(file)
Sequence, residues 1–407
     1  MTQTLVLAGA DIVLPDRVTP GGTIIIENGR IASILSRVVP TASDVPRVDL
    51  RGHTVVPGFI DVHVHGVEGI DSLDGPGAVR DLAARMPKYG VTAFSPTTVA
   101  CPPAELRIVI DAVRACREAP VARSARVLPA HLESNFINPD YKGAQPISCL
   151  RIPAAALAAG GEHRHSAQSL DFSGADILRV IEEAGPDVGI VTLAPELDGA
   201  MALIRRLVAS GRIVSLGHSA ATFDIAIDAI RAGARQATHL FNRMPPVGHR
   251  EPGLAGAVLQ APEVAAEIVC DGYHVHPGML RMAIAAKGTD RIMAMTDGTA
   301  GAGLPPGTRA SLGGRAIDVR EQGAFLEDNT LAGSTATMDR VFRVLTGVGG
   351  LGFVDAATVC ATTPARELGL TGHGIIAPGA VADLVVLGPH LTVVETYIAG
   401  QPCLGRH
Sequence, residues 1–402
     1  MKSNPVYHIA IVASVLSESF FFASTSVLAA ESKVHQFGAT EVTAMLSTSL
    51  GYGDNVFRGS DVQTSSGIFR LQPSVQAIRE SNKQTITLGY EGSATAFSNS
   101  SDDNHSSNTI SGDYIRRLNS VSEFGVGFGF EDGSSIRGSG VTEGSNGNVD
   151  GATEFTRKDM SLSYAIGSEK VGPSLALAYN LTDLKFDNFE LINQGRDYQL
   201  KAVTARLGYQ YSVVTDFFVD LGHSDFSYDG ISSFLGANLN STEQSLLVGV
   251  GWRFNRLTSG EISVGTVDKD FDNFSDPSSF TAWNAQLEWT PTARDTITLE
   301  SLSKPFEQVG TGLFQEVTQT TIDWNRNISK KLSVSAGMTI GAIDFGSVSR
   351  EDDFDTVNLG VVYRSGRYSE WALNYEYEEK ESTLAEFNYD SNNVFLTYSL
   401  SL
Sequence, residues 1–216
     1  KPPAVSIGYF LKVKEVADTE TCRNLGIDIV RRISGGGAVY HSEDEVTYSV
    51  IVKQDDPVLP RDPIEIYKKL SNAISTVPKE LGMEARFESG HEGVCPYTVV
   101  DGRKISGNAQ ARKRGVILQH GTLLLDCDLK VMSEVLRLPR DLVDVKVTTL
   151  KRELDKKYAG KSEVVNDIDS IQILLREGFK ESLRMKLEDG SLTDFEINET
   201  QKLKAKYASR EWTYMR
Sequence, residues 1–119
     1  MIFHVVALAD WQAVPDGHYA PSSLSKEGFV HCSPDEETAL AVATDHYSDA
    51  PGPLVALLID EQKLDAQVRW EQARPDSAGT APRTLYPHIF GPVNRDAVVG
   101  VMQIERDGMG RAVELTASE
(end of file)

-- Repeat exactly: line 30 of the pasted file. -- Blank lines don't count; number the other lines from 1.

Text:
   101  VMQIERDGMG RAVELTASE